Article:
The Arts Research Monitor dives into "The Situation of Artists"

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(Liz Forsberg) #1

Clearly the situation of artists is on the minds of many. Just after I had posted the introduction to our #thrivinginculture theme I received the monthly Arts Research Monitor published by Hill Strategies in my inbox and it summarized 4 recent reports exploring the working lives and financial situations of artists and culture workers. This is great background reading to get a sense of some of the common themes emerging in our sector and across disciplines.

Check out the research summaries here:

2017 Arts Professionals Survey (Calgary Arts Development)

Diminishing Returns: Creative Culture At Risk (Writer’s Union of Canada)

The Equity Census: Staging The Future (Canadian Actors Equity Association)

Making Art Work: An Economic Study of Professional Artists in Australia

Common threads:

  • median artist incomes fall far below median incomes of the general population
  • artists are supplementing their incomes with other work (and thus may not be captured as arts professionals in general census data)
  • incomes are lower for arts professionals who are women, racialized folks & those who identify as D/deaf &/or disabled

How does this research square with what you are experiencing where you live? We’d love to hear from you!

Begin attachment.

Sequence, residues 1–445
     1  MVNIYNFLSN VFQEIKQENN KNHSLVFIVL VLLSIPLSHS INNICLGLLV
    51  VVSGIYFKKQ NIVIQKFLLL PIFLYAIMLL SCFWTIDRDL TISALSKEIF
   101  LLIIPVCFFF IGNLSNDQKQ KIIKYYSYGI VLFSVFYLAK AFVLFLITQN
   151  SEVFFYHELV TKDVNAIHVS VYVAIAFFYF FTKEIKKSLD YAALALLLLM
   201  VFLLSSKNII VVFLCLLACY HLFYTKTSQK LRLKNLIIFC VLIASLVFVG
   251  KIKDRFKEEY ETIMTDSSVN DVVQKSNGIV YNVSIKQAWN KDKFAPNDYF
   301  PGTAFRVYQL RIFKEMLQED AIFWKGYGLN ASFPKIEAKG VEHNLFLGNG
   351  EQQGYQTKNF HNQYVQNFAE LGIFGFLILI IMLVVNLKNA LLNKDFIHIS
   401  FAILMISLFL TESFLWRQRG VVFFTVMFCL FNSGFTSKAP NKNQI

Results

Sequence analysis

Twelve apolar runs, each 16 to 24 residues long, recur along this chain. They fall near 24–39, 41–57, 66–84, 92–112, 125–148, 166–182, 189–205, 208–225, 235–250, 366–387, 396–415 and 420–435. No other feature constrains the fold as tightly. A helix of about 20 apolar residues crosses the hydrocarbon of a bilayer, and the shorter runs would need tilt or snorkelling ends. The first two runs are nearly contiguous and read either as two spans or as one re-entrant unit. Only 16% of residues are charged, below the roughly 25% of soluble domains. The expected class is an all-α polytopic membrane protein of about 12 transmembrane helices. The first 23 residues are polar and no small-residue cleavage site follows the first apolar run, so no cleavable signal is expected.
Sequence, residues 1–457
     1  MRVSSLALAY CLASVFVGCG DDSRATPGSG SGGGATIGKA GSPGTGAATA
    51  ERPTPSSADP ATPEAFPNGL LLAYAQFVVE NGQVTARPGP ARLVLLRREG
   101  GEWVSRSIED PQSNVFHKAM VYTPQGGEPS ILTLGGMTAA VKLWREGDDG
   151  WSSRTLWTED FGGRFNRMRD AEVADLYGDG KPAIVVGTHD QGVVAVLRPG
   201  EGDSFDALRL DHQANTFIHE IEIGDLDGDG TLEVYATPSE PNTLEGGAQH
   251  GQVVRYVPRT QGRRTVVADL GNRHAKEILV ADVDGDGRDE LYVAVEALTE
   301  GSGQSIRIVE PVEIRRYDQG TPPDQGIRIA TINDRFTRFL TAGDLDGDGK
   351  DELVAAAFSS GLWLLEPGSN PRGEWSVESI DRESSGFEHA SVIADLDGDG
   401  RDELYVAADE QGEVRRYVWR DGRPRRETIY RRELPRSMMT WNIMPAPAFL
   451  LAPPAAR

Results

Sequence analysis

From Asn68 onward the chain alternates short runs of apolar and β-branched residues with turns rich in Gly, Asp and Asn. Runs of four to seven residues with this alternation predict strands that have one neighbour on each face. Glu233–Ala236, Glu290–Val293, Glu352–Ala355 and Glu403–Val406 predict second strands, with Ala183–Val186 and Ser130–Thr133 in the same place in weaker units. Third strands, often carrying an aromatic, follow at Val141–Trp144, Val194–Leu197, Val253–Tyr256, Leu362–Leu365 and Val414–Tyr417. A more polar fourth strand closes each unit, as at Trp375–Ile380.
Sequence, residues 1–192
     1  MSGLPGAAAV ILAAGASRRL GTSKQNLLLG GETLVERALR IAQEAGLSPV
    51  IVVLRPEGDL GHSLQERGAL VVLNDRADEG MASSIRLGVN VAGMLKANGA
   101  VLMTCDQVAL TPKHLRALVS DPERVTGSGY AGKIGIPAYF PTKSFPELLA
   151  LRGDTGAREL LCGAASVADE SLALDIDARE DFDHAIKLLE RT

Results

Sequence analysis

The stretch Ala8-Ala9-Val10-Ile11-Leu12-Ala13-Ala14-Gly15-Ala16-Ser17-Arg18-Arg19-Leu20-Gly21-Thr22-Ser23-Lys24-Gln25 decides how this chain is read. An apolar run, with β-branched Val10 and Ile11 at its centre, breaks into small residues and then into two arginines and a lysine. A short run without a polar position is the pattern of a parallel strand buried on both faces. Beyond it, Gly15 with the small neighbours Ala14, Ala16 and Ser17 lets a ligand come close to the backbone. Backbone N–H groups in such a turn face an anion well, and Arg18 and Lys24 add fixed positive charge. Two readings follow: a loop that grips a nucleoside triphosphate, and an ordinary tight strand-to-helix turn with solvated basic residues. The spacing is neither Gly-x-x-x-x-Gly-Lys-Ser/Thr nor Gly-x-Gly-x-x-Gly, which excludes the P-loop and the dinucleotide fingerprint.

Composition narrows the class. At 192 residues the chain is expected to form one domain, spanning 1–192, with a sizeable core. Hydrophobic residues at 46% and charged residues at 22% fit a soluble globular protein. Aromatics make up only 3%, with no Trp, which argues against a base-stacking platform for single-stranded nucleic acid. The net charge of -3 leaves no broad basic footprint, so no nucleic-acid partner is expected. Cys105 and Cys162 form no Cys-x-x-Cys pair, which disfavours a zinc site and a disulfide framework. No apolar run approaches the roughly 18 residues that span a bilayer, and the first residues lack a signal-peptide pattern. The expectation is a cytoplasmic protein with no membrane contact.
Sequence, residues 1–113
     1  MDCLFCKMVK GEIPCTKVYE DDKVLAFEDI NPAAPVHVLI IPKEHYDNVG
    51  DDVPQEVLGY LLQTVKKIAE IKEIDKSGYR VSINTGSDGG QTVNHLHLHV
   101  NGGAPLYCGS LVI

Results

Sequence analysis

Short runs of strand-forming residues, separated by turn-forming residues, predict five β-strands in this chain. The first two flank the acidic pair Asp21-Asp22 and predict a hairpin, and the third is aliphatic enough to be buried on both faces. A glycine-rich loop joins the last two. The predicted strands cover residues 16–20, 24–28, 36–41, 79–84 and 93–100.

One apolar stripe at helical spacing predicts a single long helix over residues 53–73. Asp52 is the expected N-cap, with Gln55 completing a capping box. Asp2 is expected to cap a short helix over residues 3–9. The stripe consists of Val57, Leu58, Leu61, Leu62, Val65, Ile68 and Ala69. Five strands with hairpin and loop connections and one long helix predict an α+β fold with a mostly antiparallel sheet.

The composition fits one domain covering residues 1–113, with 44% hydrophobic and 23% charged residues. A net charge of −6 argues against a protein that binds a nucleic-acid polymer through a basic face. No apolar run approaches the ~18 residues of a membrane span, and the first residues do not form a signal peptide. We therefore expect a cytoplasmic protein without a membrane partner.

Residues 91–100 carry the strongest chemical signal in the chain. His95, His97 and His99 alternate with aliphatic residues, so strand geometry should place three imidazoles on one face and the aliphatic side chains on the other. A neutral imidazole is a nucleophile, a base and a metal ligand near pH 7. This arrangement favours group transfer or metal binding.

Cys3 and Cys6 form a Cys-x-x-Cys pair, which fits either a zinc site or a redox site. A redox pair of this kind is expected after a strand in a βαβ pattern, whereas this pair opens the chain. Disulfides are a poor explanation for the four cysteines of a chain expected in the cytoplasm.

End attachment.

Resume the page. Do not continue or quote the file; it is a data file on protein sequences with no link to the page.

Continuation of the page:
(Kris Erickson) #2

Thanks so much for all this Liz. I’ve been thinking about the models and strategies of local economic development and workforce development in the context of arts and culture professionalization, and I am eager/anxious to see where some of these initiatives are leading; for example, Arts2Work by the Alliance for Media Arts+Culture [ 1, 2 ], who have developed a nationwide (US) apprenticeship program in media arts, and Creative & Cultural Skills (UK) [ 1, 2 ] who set a high standard for disseminating labour market information for the creative industries.
I see both advantages and disadvantages to codifying and standardizing dimensions of artistic labour, but I am convinced at least some of this is necessary if we are committed to greater social equity and inclusion, and perceive art as a key force to drive us there.


(Liz Forsberg) #3

Kris - you’ll be excited to learn that the Ontario-focused labour market insights research that WorkInCulture has been doing (led by @LisaFiorilliWIC) is in the process of wrapping up and I think they should have a report ready to share sometime in the spring!